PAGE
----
FIERCE: I’m so sorry to hear that! And I think you’re right. The video really extends to loss outside of romantic relationships. We are in an era of collaborations, especially for Latin music, and in this song, your and Jencarlos’ voices blend very beautifully. Tell me, who are some of your other dream collaborations?
Katalina: I’ve always believed you find strength in unity, so working in a team, to me, is a very wise decision. I have a long list, but I’d want to start with artists like Natti Natasha, Karol G, Becky G, Ivy Queen, Cardi B — these are strong women and great examples of what it means to be an empowering woman. Also, J Balvin, Daddy Yankee and others. They are artists with careers worthy of admiration.
FIERCE: I know you’ve been working on a lot of music for this year. What can you tell us is in store for Katalina in 2019?
Katalina: There are incredible songs written by international composers. I will also have my debut as a songwriter in a song that I think people will really identify with.
FIERCE: Can we expect more ballads like “Adios” or more dance songs like “Sacude” or a mix of genres?
Katalina: With me, there will definitely be both. This is something I think I have been very clear about. I feel that music is more free now and you do not have to limit yourself to only one genre. I like challenges and I dislike routine, so you can always expect a mix.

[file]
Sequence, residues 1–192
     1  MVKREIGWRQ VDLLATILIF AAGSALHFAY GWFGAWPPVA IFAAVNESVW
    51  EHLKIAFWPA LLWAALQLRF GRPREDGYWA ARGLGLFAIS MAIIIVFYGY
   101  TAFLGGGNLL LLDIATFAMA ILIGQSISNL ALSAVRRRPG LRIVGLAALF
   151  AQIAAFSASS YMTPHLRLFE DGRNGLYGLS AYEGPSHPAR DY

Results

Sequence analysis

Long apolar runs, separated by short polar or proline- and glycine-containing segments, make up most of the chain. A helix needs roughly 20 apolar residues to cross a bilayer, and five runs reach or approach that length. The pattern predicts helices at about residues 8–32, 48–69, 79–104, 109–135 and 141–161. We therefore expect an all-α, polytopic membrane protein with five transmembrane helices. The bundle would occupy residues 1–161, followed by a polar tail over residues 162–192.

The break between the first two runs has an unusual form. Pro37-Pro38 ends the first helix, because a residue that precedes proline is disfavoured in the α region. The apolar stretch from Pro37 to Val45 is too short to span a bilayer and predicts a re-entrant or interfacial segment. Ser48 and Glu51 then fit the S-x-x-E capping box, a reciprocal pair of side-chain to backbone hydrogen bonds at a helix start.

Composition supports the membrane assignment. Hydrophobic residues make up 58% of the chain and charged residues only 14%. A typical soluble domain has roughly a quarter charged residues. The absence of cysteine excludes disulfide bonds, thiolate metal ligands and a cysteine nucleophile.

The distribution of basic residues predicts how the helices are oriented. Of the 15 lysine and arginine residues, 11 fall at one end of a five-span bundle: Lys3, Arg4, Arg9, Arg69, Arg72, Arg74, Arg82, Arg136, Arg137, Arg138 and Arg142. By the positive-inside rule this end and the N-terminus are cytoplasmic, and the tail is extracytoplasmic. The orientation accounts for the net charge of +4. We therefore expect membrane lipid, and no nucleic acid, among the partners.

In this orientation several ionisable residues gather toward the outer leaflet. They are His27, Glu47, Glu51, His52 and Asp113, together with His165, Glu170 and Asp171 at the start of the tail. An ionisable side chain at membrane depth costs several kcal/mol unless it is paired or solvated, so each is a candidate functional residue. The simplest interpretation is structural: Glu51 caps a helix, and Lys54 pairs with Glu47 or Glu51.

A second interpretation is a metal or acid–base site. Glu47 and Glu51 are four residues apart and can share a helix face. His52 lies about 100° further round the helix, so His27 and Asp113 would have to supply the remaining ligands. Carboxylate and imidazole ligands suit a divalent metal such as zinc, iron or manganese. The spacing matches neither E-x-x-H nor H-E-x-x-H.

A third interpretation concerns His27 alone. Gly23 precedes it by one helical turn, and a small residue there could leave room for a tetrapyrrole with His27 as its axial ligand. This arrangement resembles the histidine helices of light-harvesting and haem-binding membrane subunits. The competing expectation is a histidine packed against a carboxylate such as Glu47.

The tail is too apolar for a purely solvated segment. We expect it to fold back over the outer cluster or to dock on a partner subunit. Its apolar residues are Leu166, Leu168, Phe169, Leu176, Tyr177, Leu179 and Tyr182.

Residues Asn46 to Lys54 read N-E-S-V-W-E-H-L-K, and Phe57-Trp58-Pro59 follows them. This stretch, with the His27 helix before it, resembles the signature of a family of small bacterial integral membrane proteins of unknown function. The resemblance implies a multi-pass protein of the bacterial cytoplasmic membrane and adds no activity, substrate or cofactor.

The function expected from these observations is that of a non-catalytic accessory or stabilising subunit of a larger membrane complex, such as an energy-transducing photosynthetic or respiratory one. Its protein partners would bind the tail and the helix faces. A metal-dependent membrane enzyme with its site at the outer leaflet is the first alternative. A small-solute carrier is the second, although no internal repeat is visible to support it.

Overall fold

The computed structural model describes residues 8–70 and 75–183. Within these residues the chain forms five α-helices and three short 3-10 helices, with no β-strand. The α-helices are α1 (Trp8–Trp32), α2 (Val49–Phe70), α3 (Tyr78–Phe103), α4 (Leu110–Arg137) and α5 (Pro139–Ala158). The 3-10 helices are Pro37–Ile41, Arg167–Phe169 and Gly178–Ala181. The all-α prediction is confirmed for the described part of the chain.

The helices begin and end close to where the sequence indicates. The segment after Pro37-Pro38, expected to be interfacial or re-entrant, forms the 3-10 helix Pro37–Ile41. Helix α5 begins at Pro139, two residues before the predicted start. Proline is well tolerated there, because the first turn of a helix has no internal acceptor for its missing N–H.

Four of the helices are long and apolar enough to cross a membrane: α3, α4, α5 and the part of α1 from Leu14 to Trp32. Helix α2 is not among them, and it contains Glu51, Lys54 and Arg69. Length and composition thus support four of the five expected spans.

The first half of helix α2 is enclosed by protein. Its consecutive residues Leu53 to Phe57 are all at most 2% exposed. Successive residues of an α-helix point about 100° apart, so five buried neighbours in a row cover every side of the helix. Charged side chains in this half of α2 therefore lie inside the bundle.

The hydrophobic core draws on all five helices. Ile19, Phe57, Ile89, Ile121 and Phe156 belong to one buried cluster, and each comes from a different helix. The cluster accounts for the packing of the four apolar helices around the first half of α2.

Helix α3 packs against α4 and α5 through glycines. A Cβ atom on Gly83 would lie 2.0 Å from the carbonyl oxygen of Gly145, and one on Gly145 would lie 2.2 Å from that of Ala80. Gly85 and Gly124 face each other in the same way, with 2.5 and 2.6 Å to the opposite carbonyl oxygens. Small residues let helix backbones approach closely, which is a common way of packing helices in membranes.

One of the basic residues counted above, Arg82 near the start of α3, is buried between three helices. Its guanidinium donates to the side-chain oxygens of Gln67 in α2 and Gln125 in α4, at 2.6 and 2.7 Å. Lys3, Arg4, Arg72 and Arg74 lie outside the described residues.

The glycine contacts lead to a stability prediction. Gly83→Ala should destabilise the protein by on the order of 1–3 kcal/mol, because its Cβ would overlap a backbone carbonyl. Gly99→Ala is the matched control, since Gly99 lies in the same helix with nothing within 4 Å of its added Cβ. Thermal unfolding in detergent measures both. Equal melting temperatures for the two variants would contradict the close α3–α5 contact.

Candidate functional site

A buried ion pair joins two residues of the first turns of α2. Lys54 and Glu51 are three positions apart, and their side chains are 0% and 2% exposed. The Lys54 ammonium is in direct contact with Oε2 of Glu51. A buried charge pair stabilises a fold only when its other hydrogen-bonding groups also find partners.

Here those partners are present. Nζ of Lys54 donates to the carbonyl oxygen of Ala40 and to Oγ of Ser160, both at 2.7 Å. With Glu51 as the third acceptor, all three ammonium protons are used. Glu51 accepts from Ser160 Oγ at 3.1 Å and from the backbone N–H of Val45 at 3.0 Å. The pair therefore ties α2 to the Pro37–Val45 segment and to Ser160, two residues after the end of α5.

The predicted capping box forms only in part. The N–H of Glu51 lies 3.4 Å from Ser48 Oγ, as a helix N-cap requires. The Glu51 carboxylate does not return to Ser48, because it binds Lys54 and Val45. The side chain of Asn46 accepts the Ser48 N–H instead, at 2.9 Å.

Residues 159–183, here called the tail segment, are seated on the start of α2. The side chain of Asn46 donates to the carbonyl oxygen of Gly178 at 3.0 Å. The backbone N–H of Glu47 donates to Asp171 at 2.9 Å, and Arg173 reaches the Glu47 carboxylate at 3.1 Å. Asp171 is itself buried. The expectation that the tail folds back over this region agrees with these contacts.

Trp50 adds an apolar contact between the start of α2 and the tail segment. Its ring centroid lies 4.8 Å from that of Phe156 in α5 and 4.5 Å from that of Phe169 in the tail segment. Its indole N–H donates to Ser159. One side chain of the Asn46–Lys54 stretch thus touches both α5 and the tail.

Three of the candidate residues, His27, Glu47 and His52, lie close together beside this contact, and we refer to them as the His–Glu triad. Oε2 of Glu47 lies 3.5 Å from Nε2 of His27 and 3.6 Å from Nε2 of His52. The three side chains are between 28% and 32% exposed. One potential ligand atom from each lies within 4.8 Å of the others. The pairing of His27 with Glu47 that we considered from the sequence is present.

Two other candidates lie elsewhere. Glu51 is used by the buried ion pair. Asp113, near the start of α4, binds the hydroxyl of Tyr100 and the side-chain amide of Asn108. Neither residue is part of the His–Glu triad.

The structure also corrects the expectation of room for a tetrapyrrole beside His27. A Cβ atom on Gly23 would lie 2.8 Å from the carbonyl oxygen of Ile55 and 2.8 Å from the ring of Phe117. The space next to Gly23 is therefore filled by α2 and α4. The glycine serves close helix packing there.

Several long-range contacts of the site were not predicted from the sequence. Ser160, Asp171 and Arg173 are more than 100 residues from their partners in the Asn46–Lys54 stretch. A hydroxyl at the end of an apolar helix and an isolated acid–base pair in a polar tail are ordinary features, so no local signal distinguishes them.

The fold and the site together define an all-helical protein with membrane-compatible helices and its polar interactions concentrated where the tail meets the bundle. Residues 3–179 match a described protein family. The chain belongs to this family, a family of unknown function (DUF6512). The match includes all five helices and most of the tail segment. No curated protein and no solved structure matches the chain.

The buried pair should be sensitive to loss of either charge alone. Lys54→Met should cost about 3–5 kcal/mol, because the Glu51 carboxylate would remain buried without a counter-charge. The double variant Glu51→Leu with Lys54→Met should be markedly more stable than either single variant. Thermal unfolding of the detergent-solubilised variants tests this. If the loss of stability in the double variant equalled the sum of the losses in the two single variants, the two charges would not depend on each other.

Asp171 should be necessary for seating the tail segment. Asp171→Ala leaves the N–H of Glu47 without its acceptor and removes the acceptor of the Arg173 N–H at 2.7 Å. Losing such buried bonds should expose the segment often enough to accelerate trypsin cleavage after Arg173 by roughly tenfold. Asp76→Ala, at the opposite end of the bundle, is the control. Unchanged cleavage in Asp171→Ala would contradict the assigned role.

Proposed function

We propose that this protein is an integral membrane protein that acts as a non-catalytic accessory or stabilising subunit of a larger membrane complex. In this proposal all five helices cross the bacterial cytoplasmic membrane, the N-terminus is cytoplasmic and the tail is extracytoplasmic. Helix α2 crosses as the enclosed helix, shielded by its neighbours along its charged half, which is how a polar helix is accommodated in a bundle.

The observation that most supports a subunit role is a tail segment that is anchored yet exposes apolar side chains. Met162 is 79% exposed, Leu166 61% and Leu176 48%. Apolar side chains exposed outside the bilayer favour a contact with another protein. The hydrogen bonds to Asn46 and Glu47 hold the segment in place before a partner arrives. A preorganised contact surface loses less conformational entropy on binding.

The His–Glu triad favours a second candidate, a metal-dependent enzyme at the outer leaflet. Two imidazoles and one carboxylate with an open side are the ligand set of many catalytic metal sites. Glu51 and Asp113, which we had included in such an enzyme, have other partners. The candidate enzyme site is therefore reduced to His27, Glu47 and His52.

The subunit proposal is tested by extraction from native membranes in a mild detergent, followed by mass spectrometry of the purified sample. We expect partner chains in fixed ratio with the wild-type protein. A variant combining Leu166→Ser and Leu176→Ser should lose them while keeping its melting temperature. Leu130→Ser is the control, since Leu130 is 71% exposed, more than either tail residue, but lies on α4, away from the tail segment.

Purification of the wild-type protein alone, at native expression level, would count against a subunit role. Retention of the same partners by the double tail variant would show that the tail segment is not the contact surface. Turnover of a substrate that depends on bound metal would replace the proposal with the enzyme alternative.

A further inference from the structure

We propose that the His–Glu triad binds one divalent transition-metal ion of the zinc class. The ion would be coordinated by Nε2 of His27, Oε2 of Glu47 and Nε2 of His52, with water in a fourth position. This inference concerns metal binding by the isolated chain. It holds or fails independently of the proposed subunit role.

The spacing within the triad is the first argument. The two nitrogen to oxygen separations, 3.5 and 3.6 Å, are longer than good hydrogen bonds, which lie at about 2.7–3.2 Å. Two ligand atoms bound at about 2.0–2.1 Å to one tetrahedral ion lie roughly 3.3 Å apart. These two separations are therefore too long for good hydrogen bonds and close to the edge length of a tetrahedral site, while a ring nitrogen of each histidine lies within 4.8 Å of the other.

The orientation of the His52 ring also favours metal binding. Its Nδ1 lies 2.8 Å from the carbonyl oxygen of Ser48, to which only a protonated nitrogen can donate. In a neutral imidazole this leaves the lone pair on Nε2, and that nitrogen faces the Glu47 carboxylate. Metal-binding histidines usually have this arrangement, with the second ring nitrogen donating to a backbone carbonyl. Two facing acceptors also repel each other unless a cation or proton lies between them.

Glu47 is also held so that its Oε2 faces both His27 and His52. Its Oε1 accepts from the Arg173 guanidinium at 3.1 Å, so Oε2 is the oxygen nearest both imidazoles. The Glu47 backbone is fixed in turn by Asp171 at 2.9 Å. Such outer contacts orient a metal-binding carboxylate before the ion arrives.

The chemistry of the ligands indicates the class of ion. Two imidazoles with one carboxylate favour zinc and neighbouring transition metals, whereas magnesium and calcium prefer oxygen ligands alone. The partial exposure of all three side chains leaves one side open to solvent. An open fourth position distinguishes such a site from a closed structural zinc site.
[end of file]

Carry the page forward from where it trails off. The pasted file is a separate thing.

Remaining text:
FIERCE: You are so young, at the start of your career, what do you hope people can say about Katalina in 10 to 15 years?
Katalina: My dream is to become an icon in music worldwide. I would love for people to say that I inspired them to fulfill their dreams, that I helped empower other women, that my life has been a great example of triumph. In 10 to 15 years, with the help of God, I will leave my mark throughout the planet.
Machismo isn’t just bad for society — apparently, it’s also hurting our planet.
According to a new study published in the Journal of Consumer Research, environmentally-friendly practices like recycling and using reusable canvas bags are considered “feminine,” so men aren’t that interested in doing it even if that means ruining our earth.
In their research, which included conducting various experiments, the authors of the study found that people who are green are thought to be more feminine.